“Hedges provide food sources, nesting sites, foraging habitats and are wildlife corridors for a huge variety of insects, birds and mammals. They also help prevent soil erosion, give shelter for livestock and sequester carbon. What’s not to like!”, says Megan Lock, Farmland Biodiversity Advisor at the Game & Wildlife Conservation Trust (GWCT).
Dr Francis Buner, Senior Conservation Scientist, along with Megan and research assistant Jodie Case, will be on hand at the 2021 National Hedgelaying Championship in Hampshire on 23 October to explain the benefits of good hedgerow management for small game, owls and other farmland biodiversity.
“We will have a stand at the event where visitors will find lots of practical advice and information about managing hedges and other wildlife-friendly farming techniques,” said Francis. “Come along and discover more about our monitoring and conservation work for threatened species like the grey partridge, and what you can do to help. And find out how Farmer Clusters are getting hundreds of farmers working together for biodiversity.”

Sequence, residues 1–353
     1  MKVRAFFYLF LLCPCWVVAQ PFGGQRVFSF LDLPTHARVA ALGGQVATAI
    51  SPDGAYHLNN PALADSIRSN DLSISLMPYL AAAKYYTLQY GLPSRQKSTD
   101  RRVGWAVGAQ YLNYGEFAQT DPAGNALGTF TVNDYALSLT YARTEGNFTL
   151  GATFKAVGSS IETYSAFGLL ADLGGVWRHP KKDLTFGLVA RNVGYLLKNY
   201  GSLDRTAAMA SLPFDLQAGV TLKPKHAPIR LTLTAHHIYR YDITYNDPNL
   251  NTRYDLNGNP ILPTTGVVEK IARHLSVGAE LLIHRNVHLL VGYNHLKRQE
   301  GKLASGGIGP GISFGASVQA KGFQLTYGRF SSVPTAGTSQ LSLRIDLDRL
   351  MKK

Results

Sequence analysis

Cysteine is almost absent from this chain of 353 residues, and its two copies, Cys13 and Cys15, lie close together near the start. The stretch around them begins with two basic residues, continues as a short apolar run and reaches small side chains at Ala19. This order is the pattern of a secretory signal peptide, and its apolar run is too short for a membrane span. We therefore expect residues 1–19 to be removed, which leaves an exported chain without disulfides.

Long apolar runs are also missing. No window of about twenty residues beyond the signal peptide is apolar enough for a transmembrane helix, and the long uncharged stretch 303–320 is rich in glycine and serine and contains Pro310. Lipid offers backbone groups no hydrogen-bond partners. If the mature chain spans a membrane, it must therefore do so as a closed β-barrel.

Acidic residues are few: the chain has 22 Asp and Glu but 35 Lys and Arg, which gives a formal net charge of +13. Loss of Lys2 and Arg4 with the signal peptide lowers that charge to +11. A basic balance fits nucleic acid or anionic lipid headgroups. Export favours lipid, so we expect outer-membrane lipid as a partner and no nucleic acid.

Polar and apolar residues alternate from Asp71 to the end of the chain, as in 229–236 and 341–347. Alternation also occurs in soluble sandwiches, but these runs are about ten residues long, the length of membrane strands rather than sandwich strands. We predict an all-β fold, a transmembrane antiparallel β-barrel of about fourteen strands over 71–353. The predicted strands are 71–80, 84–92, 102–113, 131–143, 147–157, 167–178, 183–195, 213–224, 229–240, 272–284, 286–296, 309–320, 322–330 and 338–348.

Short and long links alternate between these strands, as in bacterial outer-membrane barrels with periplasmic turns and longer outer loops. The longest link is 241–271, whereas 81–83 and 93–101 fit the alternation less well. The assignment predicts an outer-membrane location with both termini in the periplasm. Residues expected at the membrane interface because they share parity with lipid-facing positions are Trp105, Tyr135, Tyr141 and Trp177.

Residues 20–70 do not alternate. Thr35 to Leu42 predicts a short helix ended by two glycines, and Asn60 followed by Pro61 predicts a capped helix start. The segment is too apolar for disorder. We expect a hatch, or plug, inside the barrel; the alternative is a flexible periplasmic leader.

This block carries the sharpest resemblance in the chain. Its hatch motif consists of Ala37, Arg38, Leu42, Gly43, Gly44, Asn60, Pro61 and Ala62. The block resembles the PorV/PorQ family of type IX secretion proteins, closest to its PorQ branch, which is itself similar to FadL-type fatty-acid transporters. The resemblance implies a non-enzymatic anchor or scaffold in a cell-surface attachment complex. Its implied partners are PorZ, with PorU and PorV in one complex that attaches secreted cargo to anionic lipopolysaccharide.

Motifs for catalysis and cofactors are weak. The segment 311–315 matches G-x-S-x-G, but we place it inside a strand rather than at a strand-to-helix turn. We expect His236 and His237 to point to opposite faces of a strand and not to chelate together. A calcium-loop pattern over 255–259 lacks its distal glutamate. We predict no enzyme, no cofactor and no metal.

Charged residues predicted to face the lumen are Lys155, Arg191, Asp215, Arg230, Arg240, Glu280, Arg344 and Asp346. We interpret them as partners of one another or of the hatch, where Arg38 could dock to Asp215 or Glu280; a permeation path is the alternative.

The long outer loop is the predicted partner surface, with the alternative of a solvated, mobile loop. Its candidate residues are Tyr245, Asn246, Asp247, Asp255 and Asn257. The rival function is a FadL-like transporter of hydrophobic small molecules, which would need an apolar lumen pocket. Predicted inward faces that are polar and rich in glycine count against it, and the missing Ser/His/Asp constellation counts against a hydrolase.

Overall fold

The Owl Box Initiative will also be at the event. Jodie Case from the project said: “Hedgerows
are an important hunting habitat for barn owls, supporting their prey species of voles, mice and shrews, and a wide range of other wildlife too.” Jodie will have a barn owl nest box on show and children and adults alike can hear all about the owls and their prey, and get hands on with a real harvest mouse nest, and learn how to monitor small mammals with an ink tracking tunnel”.
The event, organised by the National Hedgelaying Society, is taking place at Rotherfield Park Estate, near Alton in Hampshire on Saturday 23 October 2021. The remarkable skills of some of the best hedgelayers from around the country will be on show, using a range of different regional styles of hedgelaying. Gates open at 9am and admission costs £5 per person, under 18’s and NHLS members FREE with membership card. More information at hedgelaying.org.uk